Coach: JaVale McGee Succeeds; CP3 Controls the Court
Empty Post Success for JaVale McGee
All too often, a player’s value is correlated to that player’s ability to create shots out of a certain position, or to make open shots out of specific offensive movements. For many post players, either the ability to operate when they receive the ball in the post or when they catch the ball in a pick & pop situation is the gold standard against which they are measured. An inability to function out of the post is derided and ridiculed.
During his time with the Washington Wizards, JaVale McGee was consistently maligned for never living up to what many assumed was his considerable potential. His forays in the post often ended with an off-balance sky-hook from twelve feet that would be difficult for a seasoned post scorer, let alone a raw athlete like McGee. However, this is more of a case of misplaced expectations on the part of coaches, fans, and the media than it is on McGee’s actual ability.
The reality is that JaVale McGee has already discovered a better offensive role during his time in Denver. Most post players are taught to get to the strongside block and post there, looking for an entry pass, receiving the ball, finding cutters, then going to work. However, in Denver, a lot of McGee’s time is spent on the weakside in what would traditionally be called an empty post set.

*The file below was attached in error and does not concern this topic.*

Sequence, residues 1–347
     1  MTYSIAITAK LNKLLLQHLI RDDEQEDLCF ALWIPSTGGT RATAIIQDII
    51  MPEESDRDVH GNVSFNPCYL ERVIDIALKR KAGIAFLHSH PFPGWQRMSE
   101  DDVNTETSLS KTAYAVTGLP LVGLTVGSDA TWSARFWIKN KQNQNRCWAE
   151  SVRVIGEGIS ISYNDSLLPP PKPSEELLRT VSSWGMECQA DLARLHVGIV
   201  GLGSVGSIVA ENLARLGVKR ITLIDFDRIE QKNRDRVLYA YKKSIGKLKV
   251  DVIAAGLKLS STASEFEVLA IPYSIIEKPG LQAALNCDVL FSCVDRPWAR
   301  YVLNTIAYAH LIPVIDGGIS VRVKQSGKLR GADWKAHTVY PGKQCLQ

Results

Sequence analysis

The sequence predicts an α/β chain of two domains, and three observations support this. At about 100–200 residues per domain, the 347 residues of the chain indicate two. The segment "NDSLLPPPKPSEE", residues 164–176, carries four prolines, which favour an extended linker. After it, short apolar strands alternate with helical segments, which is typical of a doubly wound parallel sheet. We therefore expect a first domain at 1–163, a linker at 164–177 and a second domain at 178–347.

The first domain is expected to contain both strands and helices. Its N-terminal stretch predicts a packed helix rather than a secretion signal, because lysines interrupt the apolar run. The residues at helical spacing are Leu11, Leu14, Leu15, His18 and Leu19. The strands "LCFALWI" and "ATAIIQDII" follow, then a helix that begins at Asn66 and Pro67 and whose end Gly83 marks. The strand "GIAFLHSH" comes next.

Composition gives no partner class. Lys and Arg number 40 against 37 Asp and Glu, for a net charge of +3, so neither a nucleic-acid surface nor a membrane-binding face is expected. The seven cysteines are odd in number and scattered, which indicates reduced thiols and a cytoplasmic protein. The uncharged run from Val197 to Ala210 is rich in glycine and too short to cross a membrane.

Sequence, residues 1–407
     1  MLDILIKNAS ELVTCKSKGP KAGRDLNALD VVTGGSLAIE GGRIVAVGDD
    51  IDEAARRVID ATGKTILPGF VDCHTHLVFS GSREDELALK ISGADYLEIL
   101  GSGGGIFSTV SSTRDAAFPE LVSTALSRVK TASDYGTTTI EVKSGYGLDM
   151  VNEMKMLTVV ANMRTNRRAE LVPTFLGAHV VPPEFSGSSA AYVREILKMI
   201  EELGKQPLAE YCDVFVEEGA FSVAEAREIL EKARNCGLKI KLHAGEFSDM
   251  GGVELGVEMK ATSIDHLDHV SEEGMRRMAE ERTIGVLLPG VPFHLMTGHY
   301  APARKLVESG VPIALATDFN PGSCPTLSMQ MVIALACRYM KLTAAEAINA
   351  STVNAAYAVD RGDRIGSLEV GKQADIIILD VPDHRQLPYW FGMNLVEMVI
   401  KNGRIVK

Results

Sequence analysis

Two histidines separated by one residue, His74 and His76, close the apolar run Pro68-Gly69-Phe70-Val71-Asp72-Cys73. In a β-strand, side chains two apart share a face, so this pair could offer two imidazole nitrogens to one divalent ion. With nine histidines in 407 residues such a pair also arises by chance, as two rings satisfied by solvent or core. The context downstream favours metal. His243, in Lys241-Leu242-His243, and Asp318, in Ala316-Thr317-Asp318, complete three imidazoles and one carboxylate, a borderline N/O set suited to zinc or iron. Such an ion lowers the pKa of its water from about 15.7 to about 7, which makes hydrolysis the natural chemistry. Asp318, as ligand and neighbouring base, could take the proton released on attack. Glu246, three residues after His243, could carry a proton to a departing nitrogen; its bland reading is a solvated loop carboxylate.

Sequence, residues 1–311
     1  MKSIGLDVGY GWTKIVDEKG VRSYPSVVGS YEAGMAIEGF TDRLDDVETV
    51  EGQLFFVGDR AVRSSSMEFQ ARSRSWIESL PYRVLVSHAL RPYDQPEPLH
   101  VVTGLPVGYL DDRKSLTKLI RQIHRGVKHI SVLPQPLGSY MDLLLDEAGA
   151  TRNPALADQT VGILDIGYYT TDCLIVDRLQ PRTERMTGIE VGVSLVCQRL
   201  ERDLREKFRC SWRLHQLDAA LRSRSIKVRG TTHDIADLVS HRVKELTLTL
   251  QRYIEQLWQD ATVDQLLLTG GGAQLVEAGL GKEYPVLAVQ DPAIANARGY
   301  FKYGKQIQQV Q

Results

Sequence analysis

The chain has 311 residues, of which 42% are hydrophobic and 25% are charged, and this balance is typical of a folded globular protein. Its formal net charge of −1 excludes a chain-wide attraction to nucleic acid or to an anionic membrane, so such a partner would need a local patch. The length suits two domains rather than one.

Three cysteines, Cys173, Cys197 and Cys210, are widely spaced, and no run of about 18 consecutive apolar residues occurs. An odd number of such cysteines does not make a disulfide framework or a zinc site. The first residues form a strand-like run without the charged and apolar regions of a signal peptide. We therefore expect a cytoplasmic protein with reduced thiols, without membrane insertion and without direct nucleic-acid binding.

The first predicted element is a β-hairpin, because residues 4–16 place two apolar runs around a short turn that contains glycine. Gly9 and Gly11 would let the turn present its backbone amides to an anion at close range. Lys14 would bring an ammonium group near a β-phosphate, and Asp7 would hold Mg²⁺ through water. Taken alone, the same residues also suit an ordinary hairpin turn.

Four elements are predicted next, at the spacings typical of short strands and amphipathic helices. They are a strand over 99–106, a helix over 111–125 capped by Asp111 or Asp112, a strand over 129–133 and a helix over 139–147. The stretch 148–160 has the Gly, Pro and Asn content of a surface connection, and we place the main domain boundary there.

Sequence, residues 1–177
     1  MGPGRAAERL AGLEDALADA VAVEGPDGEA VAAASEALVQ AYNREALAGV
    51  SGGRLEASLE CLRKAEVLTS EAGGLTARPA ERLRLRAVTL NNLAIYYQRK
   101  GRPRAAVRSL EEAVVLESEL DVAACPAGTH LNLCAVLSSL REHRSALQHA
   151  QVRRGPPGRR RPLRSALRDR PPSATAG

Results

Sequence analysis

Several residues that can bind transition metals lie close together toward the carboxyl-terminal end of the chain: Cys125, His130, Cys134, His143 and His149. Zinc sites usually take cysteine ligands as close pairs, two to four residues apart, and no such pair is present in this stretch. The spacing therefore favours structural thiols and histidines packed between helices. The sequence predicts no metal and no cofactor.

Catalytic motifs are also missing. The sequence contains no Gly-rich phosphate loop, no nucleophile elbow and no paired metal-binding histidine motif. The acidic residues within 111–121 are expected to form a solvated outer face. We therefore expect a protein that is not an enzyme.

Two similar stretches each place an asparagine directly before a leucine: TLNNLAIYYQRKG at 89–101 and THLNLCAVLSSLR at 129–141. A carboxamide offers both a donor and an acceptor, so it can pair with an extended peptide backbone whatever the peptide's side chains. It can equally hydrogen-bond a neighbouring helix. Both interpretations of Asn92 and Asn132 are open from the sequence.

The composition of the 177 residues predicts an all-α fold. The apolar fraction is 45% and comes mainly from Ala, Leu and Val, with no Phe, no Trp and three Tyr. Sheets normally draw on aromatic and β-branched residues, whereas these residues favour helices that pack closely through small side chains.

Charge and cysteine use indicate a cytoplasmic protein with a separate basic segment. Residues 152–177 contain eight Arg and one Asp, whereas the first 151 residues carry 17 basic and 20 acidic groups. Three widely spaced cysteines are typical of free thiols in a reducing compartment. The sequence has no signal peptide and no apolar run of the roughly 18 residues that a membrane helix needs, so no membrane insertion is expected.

This empty post tactic is a basic tenet of dribble drive motion offense. In many ways, a vacated strongside post unlocks the floor and gives more room to penetrators on the strong side. It also forces McGee’s defender to set up in a help position a lot of the time, which opens up a lot of opportunities for McGee that do not involve creating his own opportunity.
Weakside positioning means that McGee’s responsibilities include screening away from the ball (an easy task for him to handle), cutting and diving when there is penetration to an open area for a potential dump-off and easy score, and the mandate to go to the offensive glass. His positioning on the weakside means his defender is constantly in help, which is a difficult place to be when a shot goes up: McGee can crash hard and often, and is in great position to finish plays from there.
As McGee grows more and more accustomed to his role in their attack pattern, he will be more involved as a post scorer as well. But it will not be in a traditional way. Instead, McGee will be best served by staying on the weakside, then sealing his defender on any skip passes, giving him the chance to receive post entry passes and go to work against a recovering defense. This is much more likely to result in a play at the rim, where he operates best.
Finding the best way to utilize a player’s specific skill-set within the confines of a larger offensive framework is a challenge for every team. In JaVale McGee’s case, Denver seems to be discovering that a less traditional approach makes him much more likely to reach performance expectations.
Controlling Defenses with CP3
As a child I was a huge Muppets fan – I mean the original Muppets, with Jim Henson and Frank Oz doing the voices, etc. – and would even create my own puppet shows for my family and friends to watch. I admired the kind of control a master puppeteer could have over his puppet, making it dance, smile, or do nearly anything he wanted.